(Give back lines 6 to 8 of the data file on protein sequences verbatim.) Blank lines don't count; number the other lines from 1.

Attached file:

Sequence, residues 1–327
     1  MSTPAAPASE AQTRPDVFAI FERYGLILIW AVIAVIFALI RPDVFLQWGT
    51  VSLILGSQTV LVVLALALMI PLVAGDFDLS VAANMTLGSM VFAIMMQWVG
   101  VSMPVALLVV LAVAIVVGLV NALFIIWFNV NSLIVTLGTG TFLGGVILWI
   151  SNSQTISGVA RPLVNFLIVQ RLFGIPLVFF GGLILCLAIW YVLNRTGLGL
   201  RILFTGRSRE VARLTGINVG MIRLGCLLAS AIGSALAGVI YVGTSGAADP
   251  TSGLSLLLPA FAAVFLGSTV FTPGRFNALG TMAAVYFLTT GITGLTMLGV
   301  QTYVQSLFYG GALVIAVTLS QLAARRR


   201  RILFTGRSRE VARLTGINVG MIRLGCLLAS AIGSALAGVI YVGTSGAADP
   251  TSGLSLLLPA FAAVFLGSTV FTPGRFNALG TMAAVYFLTT GITGLTMLGV
   301  QTYVQSLFYG GALVIAVTLS QLAARRR